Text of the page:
Cola Wars

One can of Coca-Cola contains nearly 10 teaspoons of sugar. Think about that. Imagine measuring out 9 1/2 teaspoons of table sugar into a glass, adding 12 ounces of water, and slugging it down. Don’t forget to add the caffeine, 46 mg of it. Now, 46 mg may not sound like much, but when you weigh 85 lbs, it’s like drinking two cups of coffee. And then there’s the phosphoric and carbonic acids, to dissolve your tooth enamel. And the phosphates don’t stop there, they also leach calcium from bones as they pass through your system. Despite how very tasty it is, Coca-Cola really is pretty nasty stuff to drink.

Which is why it was especially tragic that, in order to make up for the funding that they were hemorrhaging, many public schools chose to enter into a devil’s bargain with soft drink manufacturers. In exchange for cold hard cash to fund needy programs, they would put soft drink machines in their schools. Hey, schools need money, right?

Except that money isn’t really coming from the soft drink manufacturer. They make a tidy profit on the arrangement, and can afford to make the payments to the schools from that income. So, YOU are paying that money to the schools, in the guise of the money your child spends on sodas. And it’s good to support schools, but if you did so more directly, your kid’s health wouldn’t be taking such a hit.

Well, some school districts are backing out of the deals. In particular, the Beaverton School District is trying to implement a new federally-mandated wellness policy that limits soda and junk food sales during school hours. Good for them, but the economic reality is that if they were to walk away from their 10-year contract with PepsiCo, it would cost the district ~$2.05 million in penalties and lost income over the 4 1/2 years left in the contract. If they were to renegotiate the contract to include only water, juice and some sports drinks, revenue would shrink by ~$1 million.

That’s a tough economic reality to face. But Beaverton has taken the position that it is a necessary step in helping to safeguard the health of their children. Again, good for them.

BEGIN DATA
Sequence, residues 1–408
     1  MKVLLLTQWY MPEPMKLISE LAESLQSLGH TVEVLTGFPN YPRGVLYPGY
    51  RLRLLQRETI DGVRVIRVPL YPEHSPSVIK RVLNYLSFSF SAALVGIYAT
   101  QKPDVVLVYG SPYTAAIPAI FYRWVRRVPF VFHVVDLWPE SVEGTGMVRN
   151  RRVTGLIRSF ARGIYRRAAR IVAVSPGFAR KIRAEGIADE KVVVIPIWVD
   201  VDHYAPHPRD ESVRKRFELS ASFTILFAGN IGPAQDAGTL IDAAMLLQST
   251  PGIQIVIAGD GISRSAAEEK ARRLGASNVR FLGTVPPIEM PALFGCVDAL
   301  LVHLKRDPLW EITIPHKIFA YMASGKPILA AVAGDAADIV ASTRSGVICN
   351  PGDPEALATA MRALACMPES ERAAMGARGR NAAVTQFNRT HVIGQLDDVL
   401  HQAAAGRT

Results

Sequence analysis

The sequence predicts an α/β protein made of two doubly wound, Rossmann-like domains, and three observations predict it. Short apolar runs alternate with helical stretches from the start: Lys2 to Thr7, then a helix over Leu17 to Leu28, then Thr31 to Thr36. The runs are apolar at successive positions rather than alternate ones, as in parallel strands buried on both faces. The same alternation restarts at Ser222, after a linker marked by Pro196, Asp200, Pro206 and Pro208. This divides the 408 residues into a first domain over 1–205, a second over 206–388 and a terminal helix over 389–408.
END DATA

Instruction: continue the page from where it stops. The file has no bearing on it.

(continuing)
Last June, the Portland Public School District adopted a wellness policy that limited drink sales in schools to water, milk, soymilk and 100 percent juice. As a result, Portland has made the decision to pull diet soda and sports drinks from their high schools’ vending machines. But Coca-Cola lawyers are turning the screws on the district, warning that the district will have to pay $600,000 unless it restores the two kinds of drinks to high schools.

Under the terms of their original deal with Coca-Cola, Portland schools got $1.9 million, annual payments of $45,000 and about $230,000 a year in sales. That’s money that will be hard to replace, not to mention the possibility of owing more than a half-a-million dollars in fines for breaking the contract.

If you think that soft drinks in school are a threat to the health of our children, let the school district know. Tell them you’ll support their decision to yank soft drinks out of schools. But the other side of that bargain is that you then have to actually fund the schools sufficiently so that they don’t have to sell the health of their kids in order to fund after-school programs.

1 Comment so far

  1. Brian-Robert (unregistered) on February 6th, 2007 @ 11:30 pm

    I unfortunately had many cavities because of cola products. I was tired to the drilling so I quit cola about two years ago. I haven’t had a cavity since. Now my stomach does not even like digesting cola and it lets me know about it! Same goes for Burger King & McD’s food. My stomach literally becomes nautious from their foods. I now truly wonder how bad that food is.

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